Monday, November 15, 2010

DS9 Season 5

Season 5 of Star Trek: Deep Space Nine aired in first-run syndication during the 1996-97 season, which corresponds to my first year at seminary when uncertainty about my vocation made me a nervous wreck. Loss of appetite and an active lifestyle so worked together that I was in the best physical shape of my life. But I had been assigned to a small, solitary dorm on the far side of campus from the main body of residential students, along with a couple of "no time to spare for newbies" upperclassmen, some Spanish high school exchange students who only had eyes for the nursing students in the next building over, two undergrads who could barely communicate in the English language, and exactly one classmate--with whom I had absolutely nothing in common. My new campus was a 12-hour drive from Mom and Dad, a distance made more significant by the "lemon" car I was driving. I was the only musically inclined student on campus that year, unless you count members of a polka band; so I had no one to talk shop with. And I had unbelievable amounts of homework to do every day, which kept me confined to quarters when I wasn't in the classroom or at work. Consequently, I was lonely and stressed out. It felt a lot like being on a deep-space station, light years from the good company I had grown used to in college. What a comfort it was to have DS9 to escape to, once a week at least!

Apocalypse Rising opens Season 5 with a follow-up to Odo's deduction, in the final scene of Season 4, that Klingon Chancellor Gowron is a changeling traitor, being used by the Dominion to turn the Alpha Quadrant's great powers against each other. Now, Sisko, Odo, and O'Brien undergo cosmetic surgery so they can pass as Klingons, and take Klingon comportment lessons from Worf en route to an awards ceremony, where they hope to smoke out the Dominion agent. The changeling turns out to be General Martok, who at this stage in the series (only his second appearance) is still an expendable character and saved the trouble of killing Gowron for a later episode. Among the numerous points of interest--and boy, do I wish I could show you a picture of all three fake-Klingon officers standing shoulder to shoulder!--this episode is notable for depicting Odo's depression after becoming a "solid," or humanoid, as a punishment by his people at the end of Season 4.

The Ship is DS9's 100th episode, the one where Sisko & crew find a Jem'Hadar ship crashed on a Gamma Quadrant planet and decide to salvage it. While they are doing so, however, another Jem'Hadar ship arrives and blows their runabout out of the sky. Now they have their backs to the wall... the "wall" being a completely anti-intuitive, upside-down alien ship surrounded by do-or-die shock troops who actually know how it works. F. J. Rio appears for the third and last time as Muñiz, an ill-fated young engineer whom O'Brien holds in tender, fatherly regard. The Vorta whose negotiation tactics bring about tragic results for both sides is played by Kaitlin Hopkins (pictured), who in the Voyager episode "Live Fast and Prosper" played an alien con artist who impersonated Capt. Janeway for profit.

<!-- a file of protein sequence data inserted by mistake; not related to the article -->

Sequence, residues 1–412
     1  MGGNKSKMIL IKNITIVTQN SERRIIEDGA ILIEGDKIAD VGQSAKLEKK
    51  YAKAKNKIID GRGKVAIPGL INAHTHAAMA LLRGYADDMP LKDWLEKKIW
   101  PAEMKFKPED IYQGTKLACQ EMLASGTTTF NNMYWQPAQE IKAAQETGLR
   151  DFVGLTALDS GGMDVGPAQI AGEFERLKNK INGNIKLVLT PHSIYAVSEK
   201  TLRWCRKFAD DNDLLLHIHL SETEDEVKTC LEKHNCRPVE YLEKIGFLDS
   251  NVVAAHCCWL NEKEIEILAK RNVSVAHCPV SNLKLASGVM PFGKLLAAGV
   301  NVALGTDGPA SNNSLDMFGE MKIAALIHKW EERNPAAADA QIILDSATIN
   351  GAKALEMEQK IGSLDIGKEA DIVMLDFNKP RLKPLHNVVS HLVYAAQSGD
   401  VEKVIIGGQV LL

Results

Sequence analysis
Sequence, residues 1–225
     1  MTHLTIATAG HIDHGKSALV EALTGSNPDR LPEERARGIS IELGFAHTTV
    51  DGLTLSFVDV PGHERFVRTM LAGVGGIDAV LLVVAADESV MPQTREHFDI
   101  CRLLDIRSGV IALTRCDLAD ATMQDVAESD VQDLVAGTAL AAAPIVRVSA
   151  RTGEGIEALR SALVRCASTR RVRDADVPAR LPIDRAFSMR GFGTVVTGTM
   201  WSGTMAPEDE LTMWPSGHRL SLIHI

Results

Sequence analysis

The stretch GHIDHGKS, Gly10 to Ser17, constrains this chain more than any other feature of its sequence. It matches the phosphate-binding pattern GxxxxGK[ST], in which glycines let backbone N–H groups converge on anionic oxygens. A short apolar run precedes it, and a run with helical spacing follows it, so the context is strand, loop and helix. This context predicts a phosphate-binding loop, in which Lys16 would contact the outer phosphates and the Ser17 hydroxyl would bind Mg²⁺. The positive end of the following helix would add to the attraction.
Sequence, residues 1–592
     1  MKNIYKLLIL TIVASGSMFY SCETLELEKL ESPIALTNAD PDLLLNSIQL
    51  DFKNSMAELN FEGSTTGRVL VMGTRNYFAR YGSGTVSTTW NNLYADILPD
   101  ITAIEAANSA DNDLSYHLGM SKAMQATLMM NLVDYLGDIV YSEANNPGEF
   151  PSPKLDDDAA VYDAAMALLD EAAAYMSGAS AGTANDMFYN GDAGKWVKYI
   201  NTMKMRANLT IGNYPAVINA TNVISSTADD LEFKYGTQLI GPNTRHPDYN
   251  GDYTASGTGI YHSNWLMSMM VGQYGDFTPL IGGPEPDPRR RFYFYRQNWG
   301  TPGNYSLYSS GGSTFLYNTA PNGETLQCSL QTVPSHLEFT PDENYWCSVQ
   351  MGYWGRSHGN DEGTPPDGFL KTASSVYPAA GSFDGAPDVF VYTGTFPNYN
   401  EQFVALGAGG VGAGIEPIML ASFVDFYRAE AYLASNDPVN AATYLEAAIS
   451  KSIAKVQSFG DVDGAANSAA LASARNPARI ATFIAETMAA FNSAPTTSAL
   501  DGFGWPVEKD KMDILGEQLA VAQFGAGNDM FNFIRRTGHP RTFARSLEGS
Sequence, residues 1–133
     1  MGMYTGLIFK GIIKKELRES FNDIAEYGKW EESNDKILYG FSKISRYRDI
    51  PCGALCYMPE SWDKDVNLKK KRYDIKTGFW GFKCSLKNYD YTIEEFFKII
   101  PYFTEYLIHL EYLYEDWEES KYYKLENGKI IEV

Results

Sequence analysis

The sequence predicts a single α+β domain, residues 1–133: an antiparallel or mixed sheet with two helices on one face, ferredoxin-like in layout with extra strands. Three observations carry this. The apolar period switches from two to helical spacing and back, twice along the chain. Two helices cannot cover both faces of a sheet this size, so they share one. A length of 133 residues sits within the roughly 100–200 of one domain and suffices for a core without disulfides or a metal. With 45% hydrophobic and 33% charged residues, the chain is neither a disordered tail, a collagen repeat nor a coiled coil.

Looking for Par'Mach in All the Wrong Places is Star Trek's take on Cyrano de Bergerac. When Quark gets a visit from his Klingon ex-wife Grilka (cf. Season 3's "The House of Quark"), both Quark and Worf become smitten with her. Since Worf (having been stripped of his family honor) can offer no suit to such a great Klingon lady, he reluctantly agrees to help Quark pursue her--going so far as to fight a ceremonial battle using wads of (thank God) unspoken technobabble to make Quark's body mirror Worf's movements. It's an episode that made me laugh hard, and it also brings Worf and Jadzia together romantically, a coupling that seemed increasingly inevitable over the previous year. Besides Mary Kay Adams and Joseph Ruskin reprising their "House of Quark" roles as Grilka and Tumek, this episode features five-time Trek guest Phil Morris as the Klingon who challenges Quark to do battle. As a child, Morris had appeared in one of the earliest episodes The Original Series; his Trek roles also include a Starfleet cadet (in one of the TOS feature films), a Jem'Hadar (later in DS9), and a lost 21st-century astronaut (in Voyager's "One Small Step").

Nor the Battle to the Strong is Star Trek's riff on "The Red Badge of Glory." Desperate to find a real story when his first journalistic assignment--a profile of Dr. Bashir--threatens to be a total bore, Jake Sisko eggs the Julian into joining the medical corps of a starfleet colony besieged by the Klingons. His dreamed-of opportunity to cover "surgery under fire" turns out to be a nightmare, however. After becoming convinced that he is a coward, Jake finally risks his life covering his friends' retreat, and ends up publishing a soul-searching article about his experience. All's well that ends well (perhaps a bit too easily and abruptly, though). The guest cast includes Daytime Emmy-winner Andrew Kavovit (pictured; late of "As the World Turns") as a young hospital orderly who takes Jake under his wing; Karen Austin (who played B'Elanna's Klingon mother on Voyager) as a doctor; Mark Holton (who also guested on Voyager) as a blue-skinned Bolian; and five-time Trek guest Danny Goldring as the wounded soldier whose brave death sends Jake's self-esteem into a tailspin.

The Assignment is the episode that introduces the pah-wraiths, as it were the "fallen angels" of Bajoran mythology, and their enmity with the wormhole "prophets." It begins when Keiko O'Brien comes home from a botanical survey of Bajor and informs Miles that she isn't Keiko, but actually a non-corporeal being that has taken possession of her body, and will kill Keiko if he doesn't do exactly what it says. This being, known in Bajoran lore as a kosst-amoran (though this designation inexplicably changed, in later episodes, to kosst-amojan), is vulnerable to the same weapon it attempts to force Miles to turn on the wormhole--a fact that O'Brien turns to his advantage at the end. It was interesting to see Rosalind Chao play a total creep for once; perhaps this is what led the writers to make the unfortunate choice to have Jake be the next victim of pah-wraith possession. But that's a matter for another season!